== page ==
I think so much of life is really summarized in terms of “Deal with the bad, turn to the good, take in the good.” There’s nothing in what we’re talking about that’s about overlooking harms being done to others. There’s nothing in what we’re saying about overlooking one’s own privilege and just thinking, “Because you were born on third base that somehow you hit a triple.” No. And so we have to deal with the bad, but on the other hand, if that’s all we do, we get worn down. Increasingly, we’re no use to others or to ourselves. In fact, by turning to the good, we equip ourselves, we strengthen ourselves, so that we can increasingly deal with the bad. And I’m using the terms good and bad just pragmatically here. It’s also very important when we turn to the good, in other words, when we recognize what is working alongside what’s not working, when we recognize the good in ourselves amidst whatever else is present, the good in other people amidst whatever else is present, it’s also really important to take it in – to let the learning land. In other words, to encourage that movement from state to trait. When we’re experiencing some sense of reassurance, say, or some sense of our own skillfulness or moral commitment or inner peace, slow it down. Keep those neurons firing together so you can actually marinate in that experience so it really becomes a part of yourself. That for me is the third big headline around equanimity.
And then the fourth one is find what endures, that movement from the perennial to the ephemeral. I just think about the ways in which, speaking of myself, I’m really caught up in the latest news. I mean, the pace of news and events – it’s a fire hose. I mean, I’ve lived quite a while at this point– I grew up in the ’60s and the ’70s. While I saw a lot of tumult, it was nothing like this today. The bizarreness, the whipsawness, the sense of the bottom falling out of the country in a whole new kind of way, is really weird. Right? On the other hand, we can get so caught up in the short-term, the immediate, the immediate pixel that’s barraging us from the media, that we can lose sight of, for example, nature. Nature’s enduring. Nature as nature is enduring. Relationships, relatedness. Here it is. You and I are swinging back, talking with each other after seven years. That’s pretty cool, even though we don’t know each other well, still, there’s an enduring here. And practice. I think of practice as the ultimate refuge because things will happen – things will come and go, but we can never be defeated in the core of our being, in the innermost temple, to practice. No one can stop us from practicing in the core of our being, and no one can do it for us there.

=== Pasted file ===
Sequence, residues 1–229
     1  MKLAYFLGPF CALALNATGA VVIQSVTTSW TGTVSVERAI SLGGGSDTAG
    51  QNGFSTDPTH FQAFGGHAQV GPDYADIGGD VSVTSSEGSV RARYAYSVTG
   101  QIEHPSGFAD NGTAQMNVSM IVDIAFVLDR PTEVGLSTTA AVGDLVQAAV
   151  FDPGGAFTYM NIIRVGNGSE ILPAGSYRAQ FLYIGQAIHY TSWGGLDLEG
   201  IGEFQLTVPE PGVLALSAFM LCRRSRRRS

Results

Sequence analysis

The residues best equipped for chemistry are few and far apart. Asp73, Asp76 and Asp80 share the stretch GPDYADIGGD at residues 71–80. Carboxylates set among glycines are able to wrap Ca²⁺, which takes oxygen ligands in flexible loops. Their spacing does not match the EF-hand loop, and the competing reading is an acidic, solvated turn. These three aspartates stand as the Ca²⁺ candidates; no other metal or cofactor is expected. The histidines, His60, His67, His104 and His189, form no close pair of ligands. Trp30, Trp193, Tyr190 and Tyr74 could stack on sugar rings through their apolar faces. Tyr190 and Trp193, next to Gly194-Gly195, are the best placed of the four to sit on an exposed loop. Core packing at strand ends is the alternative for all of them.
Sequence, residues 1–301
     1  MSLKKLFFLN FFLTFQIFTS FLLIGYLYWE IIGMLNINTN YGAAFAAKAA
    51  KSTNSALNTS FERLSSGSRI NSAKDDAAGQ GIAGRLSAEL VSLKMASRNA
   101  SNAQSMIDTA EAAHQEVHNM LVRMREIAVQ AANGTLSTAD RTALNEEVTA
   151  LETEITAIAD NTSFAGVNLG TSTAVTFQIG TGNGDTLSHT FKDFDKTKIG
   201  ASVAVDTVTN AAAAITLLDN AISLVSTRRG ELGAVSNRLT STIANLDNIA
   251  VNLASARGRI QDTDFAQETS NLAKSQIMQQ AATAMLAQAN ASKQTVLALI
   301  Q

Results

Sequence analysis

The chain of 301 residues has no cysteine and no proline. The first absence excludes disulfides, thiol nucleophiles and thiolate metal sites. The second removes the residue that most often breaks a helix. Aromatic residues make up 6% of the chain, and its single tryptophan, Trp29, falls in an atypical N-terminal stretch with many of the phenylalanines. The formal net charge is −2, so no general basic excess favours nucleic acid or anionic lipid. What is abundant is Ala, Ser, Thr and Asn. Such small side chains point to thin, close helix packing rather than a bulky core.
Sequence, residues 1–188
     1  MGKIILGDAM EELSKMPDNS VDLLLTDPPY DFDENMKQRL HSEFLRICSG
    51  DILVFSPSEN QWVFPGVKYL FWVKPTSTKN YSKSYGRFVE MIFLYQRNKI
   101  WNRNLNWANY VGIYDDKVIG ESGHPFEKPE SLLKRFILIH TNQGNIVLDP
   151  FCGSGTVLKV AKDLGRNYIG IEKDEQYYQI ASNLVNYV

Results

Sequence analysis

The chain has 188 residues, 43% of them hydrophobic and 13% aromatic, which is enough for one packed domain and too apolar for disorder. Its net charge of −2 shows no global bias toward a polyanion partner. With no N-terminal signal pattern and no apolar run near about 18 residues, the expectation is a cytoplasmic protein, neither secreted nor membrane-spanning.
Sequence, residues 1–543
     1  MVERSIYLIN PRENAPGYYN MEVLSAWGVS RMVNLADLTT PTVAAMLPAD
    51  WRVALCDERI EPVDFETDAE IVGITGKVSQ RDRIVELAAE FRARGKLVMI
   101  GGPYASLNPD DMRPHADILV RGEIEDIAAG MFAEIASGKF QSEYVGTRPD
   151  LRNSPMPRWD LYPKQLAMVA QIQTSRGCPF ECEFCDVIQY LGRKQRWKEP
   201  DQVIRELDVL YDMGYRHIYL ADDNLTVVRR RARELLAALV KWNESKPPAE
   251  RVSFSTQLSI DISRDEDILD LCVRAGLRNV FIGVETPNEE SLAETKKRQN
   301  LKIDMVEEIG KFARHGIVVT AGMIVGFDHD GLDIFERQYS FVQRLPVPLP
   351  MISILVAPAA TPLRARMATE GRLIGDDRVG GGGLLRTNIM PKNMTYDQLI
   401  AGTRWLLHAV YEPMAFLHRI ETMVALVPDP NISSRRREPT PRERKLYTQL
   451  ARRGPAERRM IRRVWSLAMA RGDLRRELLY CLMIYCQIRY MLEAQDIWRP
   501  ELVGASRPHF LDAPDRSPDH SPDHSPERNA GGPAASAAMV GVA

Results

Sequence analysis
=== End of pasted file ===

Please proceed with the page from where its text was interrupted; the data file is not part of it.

Rick Archer: Yeah, that was one of my early realizations when I began practice, I thought, “Wow, this really works! And if I just stick to this, things are just gonna keep getting better.” I wasn’t the type to make firm commitments, but I made one because it was so dramatic.
And the thing about the pixel, the media focusing our attention on one pixel of reality while losing the big picture– I think that the best antidote to that is, again, within one’s own awareness. Because deep within we actually do have infinite consciousness, we could call it, or infinite awareness, unboundedness, broad comprehension. And yet, through the routines and conditioning of life, we get narrowed down more and more, not only through the media, but anything we focus on is only a small, little peephole of reality. However we can culture within ourselves the capacity to maintain that unbounded awareness in the midst of focusing sharply, as sharply as we wish, piloting a 747, if that’s our job. And then, it’s a completely different orientation to anything we put our attention on– news or walking in the woods, or anything we do in life.